• Emerson Webinar Provides Updates on HFC Phasedown

    July 14, 2022
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    As the phase-down of hydrofluorocarbon (HFC) refrigerants continues, heating, air conditioning and refrigeration contractors have a variety of information resources at their fingertips, including associations, manufacturers and distributors, to help them stay in step with this important HVACR industry change.

    Among the manufacturers helping with critical information dissemination related to the phasedown is Emerson Commercial & Residential Solutions. Emerson recently presented a webinar on “The Latest in Refrigerant Rulemaking and Safety Standards,” hosted by Rajan Rajendran, Emerson's Global Vice President,  Environmental Sustainability, and Jennifer Butsch, Regulatory Affairs Director for Emerson.

    The presenters -- who are recognized across the HVACR industry from their activity as seminar presenters and contacts for contractors and distributors across North America -- covered four points:  

    • AIM Act & EPA
    • Available Tools to Meet the HFC Phasedown
    • State-level Activities
    • Refrigerant Options.

    Step 1 of the phasedown is to limit the quantity of HFC refrigerants produced and imported into the US.

    The American Innovation & Manufacturing Act limits the metric tons supply of higher GWP (global warming potential) refrigerants produced and imported, in line with the Kigali Amendment. 

    • The phasedown began in January, 2022 with a 10 percent reduction. 
    • A 40 percent reduction in supply of those refrigerants will begin on January 1, 2024.
    • By January 2029, production and importation will be reduced by 60 percent. By 2036, it will be reduced by another 15 percent. 

    Jennifer Butsch explained the method used to calculate refrigerant reductions:

    “The quota takes the GWP of refrigerant multiplied by the quantity produced and you have X million metric tons of CO2.. Producers are given a value of how much they can produce or import relative to that number. So, if we move to lower GWP refrigerants they can produce more; if we continue to use higher GWP refrigerants they produce less. The price of refrigerant has been increasing this year, and as the quantity of supply decreases. We have to transition to lower GWP refrigerants, or the price of higher GWP refrigerants is expected to continue to increase," Butsch explained.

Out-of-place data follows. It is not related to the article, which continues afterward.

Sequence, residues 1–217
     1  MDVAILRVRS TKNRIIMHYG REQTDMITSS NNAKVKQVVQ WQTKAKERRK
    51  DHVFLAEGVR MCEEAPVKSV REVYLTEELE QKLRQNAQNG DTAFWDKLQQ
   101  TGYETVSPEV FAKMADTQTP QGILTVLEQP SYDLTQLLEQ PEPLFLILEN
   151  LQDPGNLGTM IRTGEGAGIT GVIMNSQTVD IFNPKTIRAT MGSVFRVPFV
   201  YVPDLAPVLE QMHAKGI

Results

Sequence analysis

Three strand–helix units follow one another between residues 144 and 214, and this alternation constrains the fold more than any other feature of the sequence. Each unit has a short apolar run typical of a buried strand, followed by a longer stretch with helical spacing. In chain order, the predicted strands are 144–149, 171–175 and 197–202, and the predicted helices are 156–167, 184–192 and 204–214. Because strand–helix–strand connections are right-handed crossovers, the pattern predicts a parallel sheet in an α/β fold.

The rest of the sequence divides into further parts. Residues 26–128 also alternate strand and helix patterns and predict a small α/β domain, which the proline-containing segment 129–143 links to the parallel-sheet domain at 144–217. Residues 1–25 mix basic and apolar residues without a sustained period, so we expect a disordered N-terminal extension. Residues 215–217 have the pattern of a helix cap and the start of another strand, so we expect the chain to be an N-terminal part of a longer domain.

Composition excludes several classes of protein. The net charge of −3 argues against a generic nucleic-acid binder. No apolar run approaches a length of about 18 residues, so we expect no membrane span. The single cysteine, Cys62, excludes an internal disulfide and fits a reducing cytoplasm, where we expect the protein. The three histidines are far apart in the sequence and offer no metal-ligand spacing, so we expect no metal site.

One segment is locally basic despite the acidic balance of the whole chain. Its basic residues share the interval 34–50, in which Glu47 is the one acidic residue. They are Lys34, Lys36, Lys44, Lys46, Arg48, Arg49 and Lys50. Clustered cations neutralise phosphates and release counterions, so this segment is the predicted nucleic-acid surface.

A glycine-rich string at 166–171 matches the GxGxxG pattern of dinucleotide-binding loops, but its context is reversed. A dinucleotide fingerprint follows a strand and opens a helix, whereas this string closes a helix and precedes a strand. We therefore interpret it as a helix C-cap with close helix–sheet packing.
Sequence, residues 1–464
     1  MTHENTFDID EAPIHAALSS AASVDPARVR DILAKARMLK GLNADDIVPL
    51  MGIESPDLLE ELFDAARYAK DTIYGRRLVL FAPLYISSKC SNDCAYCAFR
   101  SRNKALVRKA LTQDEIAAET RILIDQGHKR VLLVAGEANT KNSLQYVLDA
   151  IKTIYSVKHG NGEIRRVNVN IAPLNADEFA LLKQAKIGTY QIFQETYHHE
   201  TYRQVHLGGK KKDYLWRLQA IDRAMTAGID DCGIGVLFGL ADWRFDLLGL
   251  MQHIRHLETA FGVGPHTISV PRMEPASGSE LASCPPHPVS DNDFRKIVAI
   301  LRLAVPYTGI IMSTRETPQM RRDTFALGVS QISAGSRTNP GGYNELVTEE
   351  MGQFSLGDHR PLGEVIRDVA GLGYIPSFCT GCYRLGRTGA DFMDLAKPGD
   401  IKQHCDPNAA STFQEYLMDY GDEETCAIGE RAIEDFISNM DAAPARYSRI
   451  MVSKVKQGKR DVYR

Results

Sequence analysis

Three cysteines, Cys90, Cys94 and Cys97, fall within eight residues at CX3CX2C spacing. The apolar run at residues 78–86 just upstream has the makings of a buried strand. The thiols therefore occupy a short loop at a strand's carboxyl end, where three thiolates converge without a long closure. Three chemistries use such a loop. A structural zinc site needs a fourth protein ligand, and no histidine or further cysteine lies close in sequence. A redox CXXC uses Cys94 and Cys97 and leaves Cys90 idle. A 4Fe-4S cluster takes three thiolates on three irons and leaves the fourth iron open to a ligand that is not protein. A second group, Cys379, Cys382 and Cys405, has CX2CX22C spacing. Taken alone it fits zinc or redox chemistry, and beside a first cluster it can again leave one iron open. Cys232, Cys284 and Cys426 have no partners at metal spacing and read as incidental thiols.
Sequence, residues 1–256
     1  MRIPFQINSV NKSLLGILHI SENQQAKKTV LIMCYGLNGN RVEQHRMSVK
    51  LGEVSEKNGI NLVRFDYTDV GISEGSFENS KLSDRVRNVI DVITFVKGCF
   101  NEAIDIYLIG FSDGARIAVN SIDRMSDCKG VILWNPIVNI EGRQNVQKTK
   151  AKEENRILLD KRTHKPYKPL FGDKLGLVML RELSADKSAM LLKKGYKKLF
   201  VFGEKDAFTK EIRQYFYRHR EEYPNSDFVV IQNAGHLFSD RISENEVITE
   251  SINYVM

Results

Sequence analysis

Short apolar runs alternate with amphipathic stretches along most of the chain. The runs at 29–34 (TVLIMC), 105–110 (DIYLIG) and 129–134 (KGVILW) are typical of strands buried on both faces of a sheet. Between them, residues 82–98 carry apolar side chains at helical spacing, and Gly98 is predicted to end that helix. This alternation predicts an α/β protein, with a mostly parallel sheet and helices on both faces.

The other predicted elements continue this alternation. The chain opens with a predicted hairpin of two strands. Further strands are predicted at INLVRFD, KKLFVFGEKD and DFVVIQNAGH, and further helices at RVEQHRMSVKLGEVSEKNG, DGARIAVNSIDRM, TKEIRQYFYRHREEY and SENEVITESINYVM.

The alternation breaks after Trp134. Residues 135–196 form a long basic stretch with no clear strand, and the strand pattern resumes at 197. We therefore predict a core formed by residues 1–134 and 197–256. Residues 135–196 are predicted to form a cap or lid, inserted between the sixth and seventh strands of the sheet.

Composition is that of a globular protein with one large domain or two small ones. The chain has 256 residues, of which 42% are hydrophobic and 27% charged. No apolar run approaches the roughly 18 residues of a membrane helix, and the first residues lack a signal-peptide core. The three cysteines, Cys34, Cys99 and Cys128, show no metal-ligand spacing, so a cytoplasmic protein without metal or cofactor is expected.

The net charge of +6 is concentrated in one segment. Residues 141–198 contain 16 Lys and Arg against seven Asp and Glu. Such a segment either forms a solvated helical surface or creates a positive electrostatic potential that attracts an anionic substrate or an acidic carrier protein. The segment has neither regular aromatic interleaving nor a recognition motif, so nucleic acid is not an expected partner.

Step 2 is to limit demand for the higher GWP refrigerants in new equipment, by using sector-based rulemaking regarding GWP limits.

    “This might be through a GWP limit (possibly 750 GWP for air conditioning for example, or 300 GWP for commercial refrigeration or other end uses), or through restoring EPA Snap rules from 2021 at the federal level. So, there are a few different mechanisms, but this does ask the EPA to consider technology transitions to lower GWP refrigerants as they become available,” Butsch said.

    Step 3 is to limit demand for higher GWP HFC refrigerants in existing equipment. The EPA has been authorized by Congress to establish standards for HFC management related to servicing, repair, recovery, recycling, reclaiming, to be enforced through record-keeping and reporting.

    “The AIM Act directs the EPA to try to balance supply and demand. They know that supply is decreasing, so we need to hold demand in line. The first is on new
    equipment,” Butsch explained, "to limit the demand of higher GWP refrigerants in new equipment."

    More than 80 percent of refrigerant produced is allocated to the air conditioning, heat pump and refrigeration markets. However, 60 percent of that is used to top off refrigerant leaks.

    Next, there is a need to reduce demand on the equipment service side, and to address demand required to charge existing equipment. Tactics to achieve that reduction might include a sharp focus on equipment leak reduction, verification and reporting, similar to that which was in play during the implementation of EPA Sec. 608 for HCFC refrigerants (R-22 and others).